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Are QR Codes Good For Local Marketing? A Contrarian View

 by Chris Silver Smith

Quite a few marketers have raved about QR codes as the best thing since sliced bread. Small-to-medium local businesses wonder if they should jump on the bandwagon as well, but is there enough substance to justify the buzz? Consider this contrarian view before deciding if you should.

Are QR Codes Good For Local Marketing? A Contrarian View

With new and emerging technologies, it can be challenging to identify whether integrating them will produce a good-versus-bad ROI. With some experimental interactive marketing ideas, the “law of diminishing returns“ eventually kicks in, meaning you expend progressively more time and effort for lower and lower returns.

If the tactic you’re considering has an extremely nebulous potential return, it might not justify any time spent on it at all. QR codes may fit into this category.

Reasons To Nay-Say QR Codes

They are not a substantial improvement over URLs. At its most basic level, a QR code is a method for communicating and storing a very precise ID to be associated with some thing, such as a product, an advertisement, a business, or an individual. In this respect, it works very similarly to a URL. (They can also store plain text, but most of their best business functions seem to be in the role of ID/product-numbers or URLs.)

For instance, if you saw an ad in a newspaper or magazine that looked interesting to you, you could scan it with your mobile phone, and the app on your phone would translate the graphic code into a URL which you could save or have it launch straight into a browser window on your phone.

While this theoretically could save you from having to manually type in a URL you read off the ad, it’s not necessarily all that much faster (I’ve watched people pulling up the app, getting close enough to the QR code, aligning to snap a pic, etc.). If one frequently wanted to visit URLs found when reading newspapers or magazines, this small time savings could drive one to install and use the app.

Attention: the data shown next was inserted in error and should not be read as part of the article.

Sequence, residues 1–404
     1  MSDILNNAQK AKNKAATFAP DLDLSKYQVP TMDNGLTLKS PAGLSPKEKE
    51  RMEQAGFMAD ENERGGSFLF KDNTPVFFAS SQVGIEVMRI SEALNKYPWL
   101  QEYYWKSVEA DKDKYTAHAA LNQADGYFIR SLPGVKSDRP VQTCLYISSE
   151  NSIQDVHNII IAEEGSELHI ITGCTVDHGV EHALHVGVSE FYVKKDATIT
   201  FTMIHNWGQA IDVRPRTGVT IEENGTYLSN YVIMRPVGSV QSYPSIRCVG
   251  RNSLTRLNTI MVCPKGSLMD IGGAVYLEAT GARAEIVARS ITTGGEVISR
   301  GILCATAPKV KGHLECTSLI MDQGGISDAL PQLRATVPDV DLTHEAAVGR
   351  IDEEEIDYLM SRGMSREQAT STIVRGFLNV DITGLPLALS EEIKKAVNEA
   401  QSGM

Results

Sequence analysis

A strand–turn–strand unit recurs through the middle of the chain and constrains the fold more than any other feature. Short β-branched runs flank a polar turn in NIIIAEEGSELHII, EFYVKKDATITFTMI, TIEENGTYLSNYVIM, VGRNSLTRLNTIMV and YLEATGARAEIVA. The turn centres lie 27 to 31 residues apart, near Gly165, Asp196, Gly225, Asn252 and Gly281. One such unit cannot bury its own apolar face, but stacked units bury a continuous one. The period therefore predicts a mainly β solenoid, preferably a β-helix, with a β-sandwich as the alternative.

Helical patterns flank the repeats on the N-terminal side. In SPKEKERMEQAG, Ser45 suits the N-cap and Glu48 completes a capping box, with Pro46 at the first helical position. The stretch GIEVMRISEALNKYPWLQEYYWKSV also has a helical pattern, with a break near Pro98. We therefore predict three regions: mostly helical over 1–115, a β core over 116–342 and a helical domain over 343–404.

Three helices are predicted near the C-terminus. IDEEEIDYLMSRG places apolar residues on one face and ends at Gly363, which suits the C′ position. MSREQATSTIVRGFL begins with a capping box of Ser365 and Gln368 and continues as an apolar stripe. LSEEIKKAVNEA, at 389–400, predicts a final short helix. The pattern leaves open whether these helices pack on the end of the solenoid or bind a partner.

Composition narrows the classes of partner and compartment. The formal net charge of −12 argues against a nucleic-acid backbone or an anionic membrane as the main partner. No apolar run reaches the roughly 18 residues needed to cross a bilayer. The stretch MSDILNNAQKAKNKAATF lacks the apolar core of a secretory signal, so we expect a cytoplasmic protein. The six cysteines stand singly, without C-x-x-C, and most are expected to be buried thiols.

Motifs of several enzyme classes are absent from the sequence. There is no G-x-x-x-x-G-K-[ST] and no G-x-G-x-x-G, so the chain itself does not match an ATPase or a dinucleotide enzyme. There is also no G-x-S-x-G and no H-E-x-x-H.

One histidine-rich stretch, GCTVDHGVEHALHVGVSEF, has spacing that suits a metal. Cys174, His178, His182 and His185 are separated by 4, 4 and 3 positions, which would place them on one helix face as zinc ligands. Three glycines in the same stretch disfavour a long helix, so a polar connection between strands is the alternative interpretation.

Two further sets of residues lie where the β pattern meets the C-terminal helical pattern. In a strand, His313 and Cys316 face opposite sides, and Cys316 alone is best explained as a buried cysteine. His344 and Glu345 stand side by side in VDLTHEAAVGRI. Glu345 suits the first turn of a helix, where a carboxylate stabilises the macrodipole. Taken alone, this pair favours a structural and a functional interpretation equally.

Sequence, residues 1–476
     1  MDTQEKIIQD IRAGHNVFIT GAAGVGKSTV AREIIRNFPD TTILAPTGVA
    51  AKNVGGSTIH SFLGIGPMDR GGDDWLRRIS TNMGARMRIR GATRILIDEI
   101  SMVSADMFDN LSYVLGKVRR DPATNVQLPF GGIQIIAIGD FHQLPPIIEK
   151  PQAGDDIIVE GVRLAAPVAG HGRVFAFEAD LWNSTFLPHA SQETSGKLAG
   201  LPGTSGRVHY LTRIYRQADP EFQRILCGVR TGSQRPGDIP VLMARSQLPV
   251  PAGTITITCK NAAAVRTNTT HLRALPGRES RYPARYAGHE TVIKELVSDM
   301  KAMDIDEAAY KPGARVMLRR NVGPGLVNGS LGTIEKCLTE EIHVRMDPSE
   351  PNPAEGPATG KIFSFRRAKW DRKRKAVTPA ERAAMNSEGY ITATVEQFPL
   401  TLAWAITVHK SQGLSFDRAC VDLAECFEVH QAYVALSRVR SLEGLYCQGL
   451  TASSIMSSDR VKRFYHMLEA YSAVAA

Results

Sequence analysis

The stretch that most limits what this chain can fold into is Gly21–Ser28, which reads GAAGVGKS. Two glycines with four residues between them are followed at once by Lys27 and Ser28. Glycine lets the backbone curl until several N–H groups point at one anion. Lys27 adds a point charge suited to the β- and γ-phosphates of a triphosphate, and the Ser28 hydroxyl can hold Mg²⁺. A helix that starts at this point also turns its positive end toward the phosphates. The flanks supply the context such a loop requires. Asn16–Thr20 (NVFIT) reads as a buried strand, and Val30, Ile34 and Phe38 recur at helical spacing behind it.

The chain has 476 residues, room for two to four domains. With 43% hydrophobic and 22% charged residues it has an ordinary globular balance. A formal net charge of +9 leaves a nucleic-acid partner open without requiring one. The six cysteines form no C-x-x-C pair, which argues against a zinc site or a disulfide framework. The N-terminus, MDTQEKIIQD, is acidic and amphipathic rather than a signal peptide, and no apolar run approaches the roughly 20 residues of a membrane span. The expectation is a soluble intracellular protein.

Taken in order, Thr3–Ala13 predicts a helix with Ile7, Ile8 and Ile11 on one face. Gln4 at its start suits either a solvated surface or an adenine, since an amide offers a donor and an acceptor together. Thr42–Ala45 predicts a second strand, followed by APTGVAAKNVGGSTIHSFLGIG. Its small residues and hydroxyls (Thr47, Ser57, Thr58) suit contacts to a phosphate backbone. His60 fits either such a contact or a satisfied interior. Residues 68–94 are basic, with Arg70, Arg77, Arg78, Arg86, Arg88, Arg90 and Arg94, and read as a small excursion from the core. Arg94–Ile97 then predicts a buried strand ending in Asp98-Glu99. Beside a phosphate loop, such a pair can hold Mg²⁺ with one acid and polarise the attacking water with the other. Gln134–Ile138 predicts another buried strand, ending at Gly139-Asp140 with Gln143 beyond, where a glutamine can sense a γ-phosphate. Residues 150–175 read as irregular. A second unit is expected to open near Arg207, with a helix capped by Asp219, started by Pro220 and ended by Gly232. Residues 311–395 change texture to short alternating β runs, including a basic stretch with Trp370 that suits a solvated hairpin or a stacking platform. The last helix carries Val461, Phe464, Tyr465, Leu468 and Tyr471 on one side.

But, I’d venture to say that most people reading print media are not in a mode to take notes or go look up websites all that frequently while in the midst of that activity — I think those moments are more sporadic. And, when a consumer reaches that point, it’s not difficult to type in a URL, which incidentally might be easy to remember, too.

Some of the main uses for QR codes where local business marketing is concerned has been the practice of placing QR code decals on storefront windows or in print ads, and the matrix codes are linked-to the company’s website URL. This was pushed by Google Places, and many small businesses got the decals and placed them on their windows in a nearly knee-jerk reaction based on the assumption that if Google thought it was good, then it must be. Or, perhaps it might give them some sort of advantage in Google rankings.

There’s no reason to think that QR codes help in local search rankings on Google or elsewhere. Many marketers are desperate to push against any perceived lever there may be in making the needle move in Google rankings, so quite a number of people fell in line and posted the matrix code graphics on their store entrances. But it likely did nothing for rankings. In fact, there’s reason to believe that messing with your site URL structure to make better QR codes may de-optimize it for search.

Rhetoric around QR technology has been suspiciously hype-laden

The online marketing community’s enthusiasm around QR codes has made it sound compelling and the excitement that all of us have around clever tech is catching. But, there needs to be a good reason to use it or else it won’t have a natural place in consumer ecology.

The short life-cycle arc of the CueCat indicates this could be an evolutionary dead end